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Since Russia’s war in Ukraine began, there’s been much talk about the pursuant energy crisis and the world’s need for a clean-energy transition. Though the implications for climate change are significant, journalists have only sometimes spelled them out in their coverage. Now, there is another crisis emerging as a knock-on effect of the war: the potential for food shortages, which in turn could spark malnutrition, famine, and unrest around the world, especially in poorer countries. Climate change again plays prominently in this crisis, threading together issues of agriculture, trade, justice, and diplomacy. It’s a tangled web but, still, it’s critical that journalists step back to help audiences observe the big picture.
The short version of the food crisis story goes, simply, that interrupted food exports from Russia and Ukraine could have disastrous consequences for regions that are already food insecure due in part to climate change.
Many journalists have handled the war, food shortages, and climate change individually, or have linked just two of those three major issues. (A recent New York Times story, for example, broke down how the war might bring about food shortages, but didn’t mention climate.) Taken together, though, the situation is a powerful demonstration not just of war’s folly but of how climate change bridges many issues and exacerbates other problems.
The food crisis is also an opportunity to help educate audiences, whom studies show are increasingly interested in climate change (and climate coverage) but often still don’t grasp the enormity of the problem or the irrefutable necessity of solutions.
Read CCNow deputy director Andrew McCormick’s column in CJR…
Climate Science 101. If you’re a journalist who needs an intro to climate science without getting too deep into the details, this guide, adapted from the work of renowned climate scientist Katharine Hayhoe, is for you. Read it.
German energy plans. The newly elected German government is proposing clean energy legislation that would require nearly 100 percent of energy to be renewable by 2035. With about a third of its gas supply coming from Russia, the war in Ukraine has accelerated the country’s plans to phase out fossil fuels. By Dan Gearino at Inside Climate News…
Biden’s Budget. In a newly released budget plan, US president Joe Biden requested $11 billion to be designated as climate aid for poorer countries. A failure by Congress to deliver significant climate funding before COP27 later this year could further undermine US credibility at the next UN climate negotiations. By Maxine Joselow at the Washington Post…
Shelf life. An ice shelf in East Antarctica — a region thought to be more stable and less prone to climate change impacts — collapsed at the beginning of an off-the-charts warm spell in Antarctica last week, concerning scientists who believed this area was more protected from warming. From CBS News…
Bad energy. Critics of a clean energy company are alleging that the firm targets eco-conscious consumers with the promise of delivering responsibly-sourced energy, then jacks up their rates. A spokesperson for the company denied the allegations. By Will Bredderman at The Daily Beast…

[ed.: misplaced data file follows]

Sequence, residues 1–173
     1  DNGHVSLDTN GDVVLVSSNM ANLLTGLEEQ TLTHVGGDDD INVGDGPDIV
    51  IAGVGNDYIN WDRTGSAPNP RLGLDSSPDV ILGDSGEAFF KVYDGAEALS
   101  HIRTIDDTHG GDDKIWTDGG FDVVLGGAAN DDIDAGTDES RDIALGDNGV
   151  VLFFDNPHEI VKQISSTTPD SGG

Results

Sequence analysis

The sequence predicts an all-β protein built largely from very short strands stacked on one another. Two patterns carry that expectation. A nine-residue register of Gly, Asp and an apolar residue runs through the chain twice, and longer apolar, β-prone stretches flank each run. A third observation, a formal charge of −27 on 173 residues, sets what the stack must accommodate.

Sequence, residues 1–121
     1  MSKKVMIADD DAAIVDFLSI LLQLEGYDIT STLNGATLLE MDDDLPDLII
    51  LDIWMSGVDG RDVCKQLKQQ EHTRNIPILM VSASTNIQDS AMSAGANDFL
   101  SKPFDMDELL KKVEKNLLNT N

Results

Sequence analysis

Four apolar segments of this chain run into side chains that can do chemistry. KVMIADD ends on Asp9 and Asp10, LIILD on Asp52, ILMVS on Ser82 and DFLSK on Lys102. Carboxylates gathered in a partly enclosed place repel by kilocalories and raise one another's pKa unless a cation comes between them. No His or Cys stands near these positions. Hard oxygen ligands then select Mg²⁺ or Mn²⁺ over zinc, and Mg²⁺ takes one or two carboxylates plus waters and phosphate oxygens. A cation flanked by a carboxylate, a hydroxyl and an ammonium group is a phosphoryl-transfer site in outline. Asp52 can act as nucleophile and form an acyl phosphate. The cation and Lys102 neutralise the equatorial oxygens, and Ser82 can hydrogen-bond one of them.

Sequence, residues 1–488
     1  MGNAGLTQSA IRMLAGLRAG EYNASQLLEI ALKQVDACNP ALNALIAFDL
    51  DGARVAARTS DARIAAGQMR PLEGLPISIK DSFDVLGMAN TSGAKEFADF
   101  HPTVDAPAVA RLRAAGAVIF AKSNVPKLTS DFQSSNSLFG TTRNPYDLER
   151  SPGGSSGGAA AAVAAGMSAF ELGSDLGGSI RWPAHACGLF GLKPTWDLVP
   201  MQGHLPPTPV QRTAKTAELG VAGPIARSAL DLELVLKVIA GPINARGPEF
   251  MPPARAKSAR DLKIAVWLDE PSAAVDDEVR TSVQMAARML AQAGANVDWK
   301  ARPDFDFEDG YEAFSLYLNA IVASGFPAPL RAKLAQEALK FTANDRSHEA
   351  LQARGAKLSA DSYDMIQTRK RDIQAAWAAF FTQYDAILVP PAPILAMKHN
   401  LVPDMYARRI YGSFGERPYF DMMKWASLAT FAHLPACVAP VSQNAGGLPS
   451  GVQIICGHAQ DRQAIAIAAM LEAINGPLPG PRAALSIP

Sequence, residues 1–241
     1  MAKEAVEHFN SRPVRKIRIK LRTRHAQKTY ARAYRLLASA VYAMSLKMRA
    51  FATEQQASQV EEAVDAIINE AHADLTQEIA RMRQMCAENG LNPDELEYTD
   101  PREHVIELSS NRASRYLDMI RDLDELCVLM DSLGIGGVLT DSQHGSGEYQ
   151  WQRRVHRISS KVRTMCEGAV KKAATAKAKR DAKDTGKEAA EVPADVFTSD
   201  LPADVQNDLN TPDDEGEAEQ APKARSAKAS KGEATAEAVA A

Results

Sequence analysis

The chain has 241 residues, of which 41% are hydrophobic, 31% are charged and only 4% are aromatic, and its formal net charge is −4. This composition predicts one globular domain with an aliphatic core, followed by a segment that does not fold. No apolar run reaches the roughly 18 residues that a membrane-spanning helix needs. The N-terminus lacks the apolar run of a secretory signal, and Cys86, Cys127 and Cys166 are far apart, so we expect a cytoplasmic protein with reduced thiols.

Efficiency. Energy conservation advocate Amory Lovins says efficiency is the cheapest, fastest, and safest way to address the energy and climate crises. Lovins argues for the mass insulation of buildings combined with an acceleration of renewables. By John Vidal for the Guardian…
Gulf of Maine. Chronicling how a devastatingly warm year has impacted an already tenuous ocean ecosystem and the surrounding community, this piece is a great example of local climate reporting connecting regional impacts to large-scale warming. By Colin Woodard at the Portland Press Herald…
The following story deserves special consideration for republication by CCNow partners:
- Climate Action Has Been ‘a Calamity’, says Senate Democrat Sheldon Whitehouse – The Guardian, as part of their ‘Climate Crimes’ series with CCNow
For partner outlets: To submit stories for sharing, please use this form. As always, instructions for republishing and the full list of stories available for republication can be found in our Sharing Library.
Odds & Ends
22 hours. That’s how much time corporate broadcast outlets spent covering climate change last year, representing a more than threefold increase from 2020, according to Media Matters’ annual assessment of broadcast TV’s climate coverage. They also wrote a companion piece on how newsrooms can make 2022 a better year for climate reporting. Read it here.
Report update. The Intergovernmental Panel on Climate Change will hold a press conference to launch the Working Group III contribution to the Sixth Assessment Report, focused on mitigation of climate change on April 4. Media registration for the session can be found here.
Partners. The Energy Mix hosted a panel including CCNow executive editor Anna Hiatt for a discussion on how to keep the climate story in the public eye, which is sure to benefit journalists. Read the piece on the event here.
Jobs. Grist is looking for a CEO. WBUR is hiring a climate & environment reporter. High Country News is still looking for editorial interns. Currently is looking for a PNW-based weather nerd with great writing skills.
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